In theory, Shires could have kept things moving like that for the rest of the show, playing potent song after song and only breaking the fourth wall here and there long enough for a demure “thanks” or two. But strong as her songs are on their own, that would have been a bummer, because half the pleasure of an Amanda Shires show is actually just hearing her talk — which she thankfully did plenty of once “Train” was finished. The former fiddle-for-hire Western swinger may move in bigger circles these days, touring and collaborating with the likes of not only Isbell but Ryan Adams, Todd Snider and John Prine, but she can still converse as effortlessly with a theater crowd as she did for years finding her wings in the more intimate settings of house concerts and hotel room showcases at Folk Alliance. And not unlike such hall-of-fame raconteurs as Snider and Ray Wylie Hubbard, her best stories and “bits” only seem to get better with age and retelling.
“I’ve told this next story before,” she admitted halfway through the set, getting ready to intro “Bulletproof” with her familiar account of meeting a certain character named “Tiger Bill” after a show in Tampa, Florida. “But don’t give away the punchlines, because some people haven’t heard it! That’s why some people like Todd Snider don’t want to tell their stories anymore — because somebody’s always yelling out the punchlines … or stealing his shoes.”
Not surprisingly, “Bulletproof,” like the exquisite “Swimmer, Dreams Don’t Keep” and a handful of other choice picks from 2013’s Down Fell the Doves and 2011’s Carrying Lighting, proved as arresting as ever — at times to the slight detriment of some of Shires’ newer songs. Although My Piece of Land standouts like “Pale Fire,” “The Way It Dimmed,” “Slippin’” and especially the long, languid sweet sigh of “Harmless” all more than held their own, the urgent but somewhat nondistinctive “When You’re Gone” made for a curiously anti-climatic pre-encore set closer — especially coming right after Doves’ wondrous “Look Like a Bird.” But given the evening’s myriad other moments of both haunting beauty and disarmingly casual, aw-shucks charm, both that and the aforementioned absence of “Mineral Wells” are admittedly very small nits to pick. Shires may have opened her latest album with a somewhat wistful song about an old flame dimming the way fires sometimes do, but based on the evidence of nights like this, she’s still one of the brightest young lights on the Americana landscape.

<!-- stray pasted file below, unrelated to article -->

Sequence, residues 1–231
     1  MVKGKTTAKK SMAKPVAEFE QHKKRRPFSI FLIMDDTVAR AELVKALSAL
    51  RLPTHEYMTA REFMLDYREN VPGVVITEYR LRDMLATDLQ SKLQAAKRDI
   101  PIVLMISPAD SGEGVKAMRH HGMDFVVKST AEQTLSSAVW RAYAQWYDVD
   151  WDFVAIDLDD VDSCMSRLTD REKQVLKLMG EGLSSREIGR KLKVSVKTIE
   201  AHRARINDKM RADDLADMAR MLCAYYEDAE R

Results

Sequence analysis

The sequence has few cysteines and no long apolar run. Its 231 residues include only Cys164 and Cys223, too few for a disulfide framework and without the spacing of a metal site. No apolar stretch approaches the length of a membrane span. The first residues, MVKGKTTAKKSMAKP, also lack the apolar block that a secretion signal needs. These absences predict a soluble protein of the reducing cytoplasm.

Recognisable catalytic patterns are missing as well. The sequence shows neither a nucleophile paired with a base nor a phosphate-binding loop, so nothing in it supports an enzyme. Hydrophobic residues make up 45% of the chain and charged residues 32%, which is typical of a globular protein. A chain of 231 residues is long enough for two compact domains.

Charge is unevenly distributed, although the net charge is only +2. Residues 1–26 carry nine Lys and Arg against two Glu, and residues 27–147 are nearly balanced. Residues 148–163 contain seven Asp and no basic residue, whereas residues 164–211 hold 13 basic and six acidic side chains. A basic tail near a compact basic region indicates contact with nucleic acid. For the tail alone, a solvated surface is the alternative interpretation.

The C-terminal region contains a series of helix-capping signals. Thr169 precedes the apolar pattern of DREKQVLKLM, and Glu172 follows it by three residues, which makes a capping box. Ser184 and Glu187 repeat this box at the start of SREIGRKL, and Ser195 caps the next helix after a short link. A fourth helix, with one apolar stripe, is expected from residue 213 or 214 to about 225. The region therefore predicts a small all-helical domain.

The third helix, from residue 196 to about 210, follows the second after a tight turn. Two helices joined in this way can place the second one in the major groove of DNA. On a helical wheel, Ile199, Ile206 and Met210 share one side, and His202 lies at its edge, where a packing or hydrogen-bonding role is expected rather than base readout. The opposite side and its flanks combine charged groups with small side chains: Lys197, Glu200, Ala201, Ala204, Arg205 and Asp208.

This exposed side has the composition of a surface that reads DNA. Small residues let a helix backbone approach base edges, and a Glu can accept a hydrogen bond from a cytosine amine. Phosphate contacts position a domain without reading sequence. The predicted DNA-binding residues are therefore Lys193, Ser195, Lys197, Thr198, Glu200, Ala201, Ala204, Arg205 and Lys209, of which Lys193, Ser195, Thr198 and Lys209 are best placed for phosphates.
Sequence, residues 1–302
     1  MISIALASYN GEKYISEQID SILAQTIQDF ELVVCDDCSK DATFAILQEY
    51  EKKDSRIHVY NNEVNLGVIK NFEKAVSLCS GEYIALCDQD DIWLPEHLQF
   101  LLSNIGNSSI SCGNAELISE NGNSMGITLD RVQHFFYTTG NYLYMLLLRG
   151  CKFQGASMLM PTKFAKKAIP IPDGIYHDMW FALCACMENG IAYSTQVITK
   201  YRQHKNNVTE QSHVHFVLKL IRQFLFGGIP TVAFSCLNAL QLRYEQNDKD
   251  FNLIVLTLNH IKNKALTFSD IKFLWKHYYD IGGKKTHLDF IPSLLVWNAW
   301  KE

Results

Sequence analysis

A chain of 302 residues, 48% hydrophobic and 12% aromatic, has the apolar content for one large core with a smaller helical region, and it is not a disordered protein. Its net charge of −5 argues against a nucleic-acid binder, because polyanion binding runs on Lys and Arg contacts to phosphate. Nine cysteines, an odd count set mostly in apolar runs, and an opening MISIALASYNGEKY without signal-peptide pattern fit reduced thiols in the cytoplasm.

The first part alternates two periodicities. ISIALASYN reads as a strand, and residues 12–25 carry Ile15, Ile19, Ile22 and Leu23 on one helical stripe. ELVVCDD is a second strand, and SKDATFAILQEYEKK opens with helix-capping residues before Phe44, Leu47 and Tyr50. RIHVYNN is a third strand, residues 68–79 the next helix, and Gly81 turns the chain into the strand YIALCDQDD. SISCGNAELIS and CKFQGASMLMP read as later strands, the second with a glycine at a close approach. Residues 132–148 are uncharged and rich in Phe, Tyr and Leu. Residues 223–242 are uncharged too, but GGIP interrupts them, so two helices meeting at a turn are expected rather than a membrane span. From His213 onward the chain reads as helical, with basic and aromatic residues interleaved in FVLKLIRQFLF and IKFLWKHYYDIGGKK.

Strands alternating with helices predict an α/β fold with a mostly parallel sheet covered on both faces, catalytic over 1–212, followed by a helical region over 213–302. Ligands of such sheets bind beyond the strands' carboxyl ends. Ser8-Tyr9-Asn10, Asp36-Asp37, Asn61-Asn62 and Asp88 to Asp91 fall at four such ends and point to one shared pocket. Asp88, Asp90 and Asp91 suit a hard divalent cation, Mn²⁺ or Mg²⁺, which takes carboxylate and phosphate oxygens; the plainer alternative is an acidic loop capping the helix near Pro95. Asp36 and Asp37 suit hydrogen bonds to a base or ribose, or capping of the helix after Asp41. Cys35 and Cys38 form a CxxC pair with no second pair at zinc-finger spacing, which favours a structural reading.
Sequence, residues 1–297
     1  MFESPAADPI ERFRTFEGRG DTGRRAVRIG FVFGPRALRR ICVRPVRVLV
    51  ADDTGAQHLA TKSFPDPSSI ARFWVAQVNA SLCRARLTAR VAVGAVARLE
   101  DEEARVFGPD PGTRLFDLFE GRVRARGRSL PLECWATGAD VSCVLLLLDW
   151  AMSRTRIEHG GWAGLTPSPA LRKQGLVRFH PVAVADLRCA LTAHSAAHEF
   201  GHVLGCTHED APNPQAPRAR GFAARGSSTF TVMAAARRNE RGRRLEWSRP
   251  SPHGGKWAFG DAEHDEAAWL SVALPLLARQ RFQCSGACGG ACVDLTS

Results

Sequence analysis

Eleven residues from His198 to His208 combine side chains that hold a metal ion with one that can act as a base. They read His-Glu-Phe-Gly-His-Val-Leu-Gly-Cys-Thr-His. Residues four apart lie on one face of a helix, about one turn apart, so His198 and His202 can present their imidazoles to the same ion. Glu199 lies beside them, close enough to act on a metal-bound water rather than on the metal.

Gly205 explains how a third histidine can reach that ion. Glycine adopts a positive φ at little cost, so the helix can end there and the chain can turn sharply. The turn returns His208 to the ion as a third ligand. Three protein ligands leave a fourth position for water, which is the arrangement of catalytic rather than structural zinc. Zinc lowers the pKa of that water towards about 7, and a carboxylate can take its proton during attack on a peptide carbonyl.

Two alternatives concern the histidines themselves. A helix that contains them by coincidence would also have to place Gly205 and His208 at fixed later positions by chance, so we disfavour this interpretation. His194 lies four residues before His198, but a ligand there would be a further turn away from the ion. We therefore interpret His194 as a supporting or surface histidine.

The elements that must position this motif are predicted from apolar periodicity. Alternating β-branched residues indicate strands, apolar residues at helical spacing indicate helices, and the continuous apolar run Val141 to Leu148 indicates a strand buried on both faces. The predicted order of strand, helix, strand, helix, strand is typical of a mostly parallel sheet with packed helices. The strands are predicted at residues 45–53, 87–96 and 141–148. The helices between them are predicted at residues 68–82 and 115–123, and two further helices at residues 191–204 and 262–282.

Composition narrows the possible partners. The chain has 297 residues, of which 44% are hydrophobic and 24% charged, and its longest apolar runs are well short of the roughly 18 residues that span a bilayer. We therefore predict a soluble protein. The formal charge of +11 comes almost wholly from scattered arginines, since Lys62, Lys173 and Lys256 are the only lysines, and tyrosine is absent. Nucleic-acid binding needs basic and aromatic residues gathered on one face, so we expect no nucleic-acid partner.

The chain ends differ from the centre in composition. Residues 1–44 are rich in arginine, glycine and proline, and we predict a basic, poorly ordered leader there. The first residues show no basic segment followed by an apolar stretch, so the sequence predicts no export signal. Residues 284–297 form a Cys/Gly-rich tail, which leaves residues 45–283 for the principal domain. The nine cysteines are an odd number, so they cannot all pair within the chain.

“You Are My Home”
“Shake the Walls”
“When You Need a Train”
“Swimmer, Dreams Don’t Keep”
“Wasted & Rollin’”
“The Way It Dimmed”
“Daughter” (Loudon Wainwright III cover)
“My Love (The Storm)”
“Look Like a Bird”
“When You’re Gone”
“Faith” (George Michael cover)